When discussing reclaimed woods, we are usually talking about wood that has been used, machined, and shaped only to be repurposed and born into a new product. We typically think pallets, spools, deconstructed barns and broken down furniture. Material that has been machined, nailed, walked on, and weathered. But wood is also made into different products - cork, paper, and ping pong balls are just a few (yes, we said ping pong balls). What if reclaimed didn't just include actual wood? Well, that's exactly what one company considered when they decided to flip the model and reclaim paper to produce wood.
Mieke Meijer, a student at Design Academy Eindhoven, began with a stack of newspapers and an idea to upcycle newspapers into the wood product from which they were born. Beginning by simply gluing newspapers together, Mieke began to notice that as the material hardened, it actually took on some of it's parent's properties. Not only did it hold it's structural rigidity, but it was also machinable and sandable. This led Mieke to build a few pieces of furniture for a grade before he abandoned the project in 2003. In 2007, however, his passion was reignited when he met the design firm Vij5, a Dutch company that specialized in interior products with a specific focus on ingenuity and use of reclaimed materials. Vij5 took Mieke's concept and pushed it to the manufacturing floor where it would soon become a beautiful line of pristine reclaimed furniture and jewelry. NewspaperWood, as it was coined, was eventually presented to other Dutch designers to see what products they could manufacture. Here are some of the results of that experiment:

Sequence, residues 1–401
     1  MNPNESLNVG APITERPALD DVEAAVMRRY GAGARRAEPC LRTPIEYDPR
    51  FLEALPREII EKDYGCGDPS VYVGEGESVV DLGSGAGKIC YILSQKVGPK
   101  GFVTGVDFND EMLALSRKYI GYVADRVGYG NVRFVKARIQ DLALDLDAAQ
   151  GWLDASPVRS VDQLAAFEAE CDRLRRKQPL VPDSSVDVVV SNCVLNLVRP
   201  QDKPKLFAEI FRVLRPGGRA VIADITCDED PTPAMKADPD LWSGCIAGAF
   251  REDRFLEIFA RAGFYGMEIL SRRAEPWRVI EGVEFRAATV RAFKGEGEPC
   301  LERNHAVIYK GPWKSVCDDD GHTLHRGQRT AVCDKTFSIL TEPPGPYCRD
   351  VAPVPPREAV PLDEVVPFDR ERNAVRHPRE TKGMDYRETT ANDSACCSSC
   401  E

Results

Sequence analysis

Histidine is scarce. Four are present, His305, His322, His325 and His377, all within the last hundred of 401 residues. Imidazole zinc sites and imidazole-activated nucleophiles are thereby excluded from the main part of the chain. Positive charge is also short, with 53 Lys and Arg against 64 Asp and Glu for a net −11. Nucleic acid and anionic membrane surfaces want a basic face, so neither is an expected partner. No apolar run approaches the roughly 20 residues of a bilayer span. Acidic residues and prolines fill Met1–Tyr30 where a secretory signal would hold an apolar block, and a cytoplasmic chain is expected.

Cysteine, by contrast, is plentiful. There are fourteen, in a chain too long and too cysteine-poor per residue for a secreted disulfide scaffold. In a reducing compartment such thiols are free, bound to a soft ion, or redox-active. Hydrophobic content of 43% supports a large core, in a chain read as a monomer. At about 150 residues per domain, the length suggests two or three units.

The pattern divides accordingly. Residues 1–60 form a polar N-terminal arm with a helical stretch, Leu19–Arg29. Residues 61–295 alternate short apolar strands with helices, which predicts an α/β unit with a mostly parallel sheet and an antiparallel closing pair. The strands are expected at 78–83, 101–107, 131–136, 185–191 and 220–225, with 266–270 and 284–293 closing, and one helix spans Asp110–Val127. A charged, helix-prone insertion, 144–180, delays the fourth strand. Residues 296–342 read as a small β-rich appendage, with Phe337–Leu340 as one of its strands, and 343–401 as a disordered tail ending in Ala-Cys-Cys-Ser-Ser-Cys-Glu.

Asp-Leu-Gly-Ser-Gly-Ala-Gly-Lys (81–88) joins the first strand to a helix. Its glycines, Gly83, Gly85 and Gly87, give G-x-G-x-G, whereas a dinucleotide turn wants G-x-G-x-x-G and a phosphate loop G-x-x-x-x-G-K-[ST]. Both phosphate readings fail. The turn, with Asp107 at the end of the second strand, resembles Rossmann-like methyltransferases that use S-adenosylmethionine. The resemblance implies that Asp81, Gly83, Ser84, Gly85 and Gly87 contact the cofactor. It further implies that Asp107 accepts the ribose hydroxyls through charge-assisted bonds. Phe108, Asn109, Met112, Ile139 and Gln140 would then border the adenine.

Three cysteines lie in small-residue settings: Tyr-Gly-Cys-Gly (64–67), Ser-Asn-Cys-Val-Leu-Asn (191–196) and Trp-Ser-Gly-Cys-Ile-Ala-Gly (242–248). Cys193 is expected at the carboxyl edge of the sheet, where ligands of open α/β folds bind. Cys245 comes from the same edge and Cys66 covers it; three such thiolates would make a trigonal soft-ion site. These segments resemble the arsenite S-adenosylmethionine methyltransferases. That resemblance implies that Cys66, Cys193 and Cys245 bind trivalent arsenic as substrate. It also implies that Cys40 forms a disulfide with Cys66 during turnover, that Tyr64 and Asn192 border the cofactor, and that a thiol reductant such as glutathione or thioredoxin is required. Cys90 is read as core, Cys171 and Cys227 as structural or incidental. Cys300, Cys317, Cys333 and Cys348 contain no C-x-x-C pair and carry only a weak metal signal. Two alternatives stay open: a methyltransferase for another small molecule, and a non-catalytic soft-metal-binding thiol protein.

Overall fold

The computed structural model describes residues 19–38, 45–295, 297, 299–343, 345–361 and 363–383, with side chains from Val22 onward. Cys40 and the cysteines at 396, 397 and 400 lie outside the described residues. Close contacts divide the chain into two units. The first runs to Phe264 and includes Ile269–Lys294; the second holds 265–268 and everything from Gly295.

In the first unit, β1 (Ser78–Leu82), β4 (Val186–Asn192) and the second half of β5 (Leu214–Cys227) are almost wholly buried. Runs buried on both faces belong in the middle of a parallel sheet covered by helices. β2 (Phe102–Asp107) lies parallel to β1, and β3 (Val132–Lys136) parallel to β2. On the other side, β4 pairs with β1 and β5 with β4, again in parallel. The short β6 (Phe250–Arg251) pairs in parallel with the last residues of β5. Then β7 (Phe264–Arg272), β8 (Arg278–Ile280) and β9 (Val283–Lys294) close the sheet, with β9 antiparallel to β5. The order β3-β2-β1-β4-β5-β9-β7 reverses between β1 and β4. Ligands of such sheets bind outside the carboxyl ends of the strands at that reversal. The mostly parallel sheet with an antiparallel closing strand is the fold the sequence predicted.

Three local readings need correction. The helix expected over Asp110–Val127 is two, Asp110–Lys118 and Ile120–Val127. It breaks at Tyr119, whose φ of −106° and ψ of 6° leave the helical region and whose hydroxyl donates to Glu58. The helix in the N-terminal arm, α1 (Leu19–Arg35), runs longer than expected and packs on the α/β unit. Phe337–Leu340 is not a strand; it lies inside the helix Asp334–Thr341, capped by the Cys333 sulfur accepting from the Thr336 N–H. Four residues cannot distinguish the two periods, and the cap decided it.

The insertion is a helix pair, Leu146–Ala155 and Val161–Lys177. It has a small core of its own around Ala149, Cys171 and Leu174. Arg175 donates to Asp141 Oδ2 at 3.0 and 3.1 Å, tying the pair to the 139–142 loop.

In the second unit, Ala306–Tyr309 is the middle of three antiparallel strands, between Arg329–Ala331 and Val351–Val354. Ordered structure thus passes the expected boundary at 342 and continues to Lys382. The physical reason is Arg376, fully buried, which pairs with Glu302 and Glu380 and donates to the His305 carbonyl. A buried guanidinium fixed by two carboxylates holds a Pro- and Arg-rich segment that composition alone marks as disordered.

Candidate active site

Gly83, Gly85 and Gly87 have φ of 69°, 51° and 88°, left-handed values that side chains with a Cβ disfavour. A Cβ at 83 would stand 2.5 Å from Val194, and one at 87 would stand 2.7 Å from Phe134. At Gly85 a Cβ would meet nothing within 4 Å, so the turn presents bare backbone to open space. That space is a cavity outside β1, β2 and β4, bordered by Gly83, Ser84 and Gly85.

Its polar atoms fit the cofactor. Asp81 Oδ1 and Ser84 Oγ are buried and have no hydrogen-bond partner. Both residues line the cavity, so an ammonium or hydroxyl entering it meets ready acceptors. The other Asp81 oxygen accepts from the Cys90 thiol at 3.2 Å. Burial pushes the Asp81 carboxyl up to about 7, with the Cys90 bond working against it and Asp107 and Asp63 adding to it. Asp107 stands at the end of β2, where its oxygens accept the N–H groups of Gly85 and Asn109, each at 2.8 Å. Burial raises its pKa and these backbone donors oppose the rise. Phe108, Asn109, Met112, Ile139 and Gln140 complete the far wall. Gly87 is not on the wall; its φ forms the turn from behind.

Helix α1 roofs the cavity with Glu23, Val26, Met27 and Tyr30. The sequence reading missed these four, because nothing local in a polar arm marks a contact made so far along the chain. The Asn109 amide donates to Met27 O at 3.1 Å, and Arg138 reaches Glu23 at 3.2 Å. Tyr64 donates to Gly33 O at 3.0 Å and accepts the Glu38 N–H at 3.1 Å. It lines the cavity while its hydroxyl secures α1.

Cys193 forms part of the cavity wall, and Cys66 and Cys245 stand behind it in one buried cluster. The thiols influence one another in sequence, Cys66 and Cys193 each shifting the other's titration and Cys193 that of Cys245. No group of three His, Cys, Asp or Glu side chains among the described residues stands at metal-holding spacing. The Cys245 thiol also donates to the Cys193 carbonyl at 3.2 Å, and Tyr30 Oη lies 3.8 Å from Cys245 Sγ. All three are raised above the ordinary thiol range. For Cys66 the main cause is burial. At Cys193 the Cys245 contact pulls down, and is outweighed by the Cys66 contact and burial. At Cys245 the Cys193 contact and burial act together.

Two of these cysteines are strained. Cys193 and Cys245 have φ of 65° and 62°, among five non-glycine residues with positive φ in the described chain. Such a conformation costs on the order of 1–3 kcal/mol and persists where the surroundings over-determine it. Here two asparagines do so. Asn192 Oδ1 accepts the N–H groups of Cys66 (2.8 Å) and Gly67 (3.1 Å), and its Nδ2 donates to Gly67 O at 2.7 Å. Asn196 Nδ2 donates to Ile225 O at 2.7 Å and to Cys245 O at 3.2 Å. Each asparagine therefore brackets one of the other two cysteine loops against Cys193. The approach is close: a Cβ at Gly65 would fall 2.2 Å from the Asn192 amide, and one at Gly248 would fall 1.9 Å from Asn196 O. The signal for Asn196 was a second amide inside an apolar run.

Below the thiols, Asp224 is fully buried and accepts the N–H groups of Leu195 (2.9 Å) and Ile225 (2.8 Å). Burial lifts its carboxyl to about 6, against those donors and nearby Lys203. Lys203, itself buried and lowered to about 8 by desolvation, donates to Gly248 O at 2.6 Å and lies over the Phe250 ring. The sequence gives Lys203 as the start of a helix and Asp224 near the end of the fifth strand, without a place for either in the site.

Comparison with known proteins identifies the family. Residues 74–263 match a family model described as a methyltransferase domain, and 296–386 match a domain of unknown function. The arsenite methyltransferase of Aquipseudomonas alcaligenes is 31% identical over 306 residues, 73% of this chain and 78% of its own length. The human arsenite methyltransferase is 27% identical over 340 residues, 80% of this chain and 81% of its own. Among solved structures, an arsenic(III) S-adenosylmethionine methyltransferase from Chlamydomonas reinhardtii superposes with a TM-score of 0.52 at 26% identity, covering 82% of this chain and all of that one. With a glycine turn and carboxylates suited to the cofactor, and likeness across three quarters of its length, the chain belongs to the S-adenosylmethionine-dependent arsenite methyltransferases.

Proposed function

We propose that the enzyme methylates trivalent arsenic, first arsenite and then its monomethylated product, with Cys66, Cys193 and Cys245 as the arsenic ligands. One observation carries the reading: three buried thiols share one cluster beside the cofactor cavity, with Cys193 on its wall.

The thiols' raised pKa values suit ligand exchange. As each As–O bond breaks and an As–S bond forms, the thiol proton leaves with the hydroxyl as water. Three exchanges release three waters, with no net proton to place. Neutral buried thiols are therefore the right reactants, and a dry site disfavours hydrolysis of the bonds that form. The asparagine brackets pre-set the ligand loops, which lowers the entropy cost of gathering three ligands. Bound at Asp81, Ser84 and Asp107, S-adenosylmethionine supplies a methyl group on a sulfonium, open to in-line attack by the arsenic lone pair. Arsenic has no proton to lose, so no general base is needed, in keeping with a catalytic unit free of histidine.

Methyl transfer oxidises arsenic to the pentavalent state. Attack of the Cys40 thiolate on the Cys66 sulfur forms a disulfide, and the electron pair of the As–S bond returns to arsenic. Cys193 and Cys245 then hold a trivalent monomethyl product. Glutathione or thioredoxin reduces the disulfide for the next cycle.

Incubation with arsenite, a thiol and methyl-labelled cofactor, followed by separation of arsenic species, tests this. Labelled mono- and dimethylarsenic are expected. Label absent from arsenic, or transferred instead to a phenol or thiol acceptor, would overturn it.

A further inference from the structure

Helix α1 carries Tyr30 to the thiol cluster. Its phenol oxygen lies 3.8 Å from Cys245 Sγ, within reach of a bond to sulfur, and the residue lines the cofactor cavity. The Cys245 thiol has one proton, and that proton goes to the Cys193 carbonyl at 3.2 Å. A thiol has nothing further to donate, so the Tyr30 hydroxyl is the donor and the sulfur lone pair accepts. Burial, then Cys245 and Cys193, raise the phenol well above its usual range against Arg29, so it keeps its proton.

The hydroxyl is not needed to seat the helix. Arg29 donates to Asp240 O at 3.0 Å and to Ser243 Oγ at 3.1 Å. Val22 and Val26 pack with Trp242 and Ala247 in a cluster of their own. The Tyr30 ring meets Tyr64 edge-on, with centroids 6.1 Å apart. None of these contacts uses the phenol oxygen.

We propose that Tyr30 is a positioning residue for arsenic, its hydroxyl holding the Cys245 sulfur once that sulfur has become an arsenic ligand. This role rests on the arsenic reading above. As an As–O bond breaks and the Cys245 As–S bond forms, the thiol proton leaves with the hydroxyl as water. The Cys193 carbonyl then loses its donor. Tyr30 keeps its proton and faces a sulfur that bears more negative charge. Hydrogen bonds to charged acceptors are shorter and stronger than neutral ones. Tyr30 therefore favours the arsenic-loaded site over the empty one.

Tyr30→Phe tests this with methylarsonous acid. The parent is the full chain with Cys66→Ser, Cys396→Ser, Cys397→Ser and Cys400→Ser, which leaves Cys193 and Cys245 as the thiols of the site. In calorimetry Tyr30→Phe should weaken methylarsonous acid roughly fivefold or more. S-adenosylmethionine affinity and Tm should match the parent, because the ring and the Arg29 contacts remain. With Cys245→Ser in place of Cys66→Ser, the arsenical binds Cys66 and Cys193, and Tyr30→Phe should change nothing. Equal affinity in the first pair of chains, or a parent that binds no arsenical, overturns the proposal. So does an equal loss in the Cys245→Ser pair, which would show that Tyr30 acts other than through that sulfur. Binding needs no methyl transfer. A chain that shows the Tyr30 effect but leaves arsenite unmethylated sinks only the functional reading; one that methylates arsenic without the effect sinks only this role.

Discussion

More recently, Mieke Meijer and Vij5 released a collaborative project they were working on with Peugeot. The Onyx, a concept car manufactured by Peugeot, showed off NewspaperWood well as the main material for the dashboard, door panels, and seats. The car debuted at the Paris Motor Show in late 2012. Here are some shots of NewspaperWood as a car interior product: